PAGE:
Judges 3:8 Parallel Verses [⇓ See commentary ⇓]

Judges 3:8, NIV: The anger of the LORD burned against Israel so that he sold them into the hands of Cushan-Rishathaim king of Aram Naharaim, to whom the Israelites were subject for eight years.

Judges 3:8, ESV: Therefore the anger of the LORD was kindled against Israel, and he sold them into the hand of Cushan-rishathaim king of Mesopotamia. And the people of Israel served Cushan-rishathaim eight years.

Judges 3:8, KJV: Therefore the anger of the LORD was hot against Israel, and he sold them into the hand of Chushanrishathaim king of Mesopotamia: and the children of Israel served Chushanrishathaim eight years.

Judges 3:8, NASB: Then the anger of the LORD was kindled against Israel, so that He sold them into the hand of Cushan-rishathaim, king of Mesopotamia; and the sons of Israel served Cushan-rishathaim for eight years.

Judges 3:8, NLT: Then the LORD burned with anger against Israel, and he turned them over to King Cushan-rishathaim of Aram-naharaim. And the Israelites served Cushan-rishathaim for eight years.

Judges 3:8, CSB: The Lord's anger burned against Israel, and he sold them to King Cushan-rishathaim of Aram-naharaim, and the Israelites served him eight years.

What does Judges 3:8 mean? [⇑ See verse text ⇑]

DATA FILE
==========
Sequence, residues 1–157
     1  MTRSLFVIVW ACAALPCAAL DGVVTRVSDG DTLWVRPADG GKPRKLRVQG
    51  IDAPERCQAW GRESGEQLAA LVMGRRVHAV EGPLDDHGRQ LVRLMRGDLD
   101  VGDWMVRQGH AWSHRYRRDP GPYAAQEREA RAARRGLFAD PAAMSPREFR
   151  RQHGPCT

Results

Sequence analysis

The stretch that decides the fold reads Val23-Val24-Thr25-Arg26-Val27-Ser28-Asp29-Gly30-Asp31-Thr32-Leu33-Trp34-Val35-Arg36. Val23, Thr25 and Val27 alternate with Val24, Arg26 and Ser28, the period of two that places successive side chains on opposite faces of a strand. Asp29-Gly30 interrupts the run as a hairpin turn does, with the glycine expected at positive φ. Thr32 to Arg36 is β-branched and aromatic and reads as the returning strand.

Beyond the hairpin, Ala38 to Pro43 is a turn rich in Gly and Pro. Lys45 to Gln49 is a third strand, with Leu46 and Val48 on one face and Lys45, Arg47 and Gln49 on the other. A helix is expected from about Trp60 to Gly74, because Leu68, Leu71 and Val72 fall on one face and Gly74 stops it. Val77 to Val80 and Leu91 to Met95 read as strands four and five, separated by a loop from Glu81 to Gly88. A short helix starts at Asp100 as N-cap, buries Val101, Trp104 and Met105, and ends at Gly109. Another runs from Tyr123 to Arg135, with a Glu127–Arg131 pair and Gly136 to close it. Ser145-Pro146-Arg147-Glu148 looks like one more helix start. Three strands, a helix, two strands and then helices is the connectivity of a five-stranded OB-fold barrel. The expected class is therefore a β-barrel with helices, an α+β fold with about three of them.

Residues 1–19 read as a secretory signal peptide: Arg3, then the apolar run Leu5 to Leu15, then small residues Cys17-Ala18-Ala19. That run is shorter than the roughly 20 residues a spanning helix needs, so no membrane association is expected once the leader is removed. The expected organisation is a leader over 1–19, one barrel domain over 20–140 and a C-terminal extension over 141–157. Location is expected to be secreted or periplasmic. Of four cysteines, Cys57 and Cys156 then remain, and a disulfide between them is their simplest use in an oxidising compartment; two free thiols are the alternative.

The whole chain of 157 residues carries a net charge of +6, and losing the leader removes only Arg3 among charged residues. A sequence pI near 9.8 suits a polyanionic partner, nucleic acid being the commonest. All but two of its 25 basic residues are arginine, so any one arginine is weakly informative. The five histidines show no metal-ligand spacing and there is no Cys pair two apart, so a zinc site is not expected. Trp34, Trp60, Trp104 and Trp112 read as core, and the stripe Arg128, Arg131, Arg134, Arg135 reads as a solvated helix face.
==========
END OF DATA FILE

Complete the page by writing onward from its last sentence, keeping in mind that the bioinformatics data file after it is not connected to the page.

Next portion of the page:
This sounds very familiar to what was written in the previous chapter (Judges 2:11–15). This time, a specific oppressor is described. God's anger burns for Israel's betrayal of Him by serving other gods (Judges 3:7). In response, God sets out to harm them as He said He would.

The Lord sells His people into the hands of the Cushan-rishathaim, king of Mesopotamia, also known as Aram Naharaim. This king reigned over the Arameans. Their large territory began north of the Sea of Galilee and extended far into the north. Bible scholars speculate on what ruler in the history of this region this king might be, but he remains something of a mystery. His empire must have been quite strong to control Canaan from that far north for eight years. Centuries later, the prophet Habakkuk would refer to "Cushan" when speaking of Israel disrupting the peace of the Canaanites after the exodus (Habakkuk 3:7).

During those eight years, the people of Israel were slaves to his kingdom, likely alongside the other Canaanite peoples of the land. This does not mean the people were in literal, personal chains or held as prisoners. Rather, it would mean their nation was occupied and controlled by the foreign nation.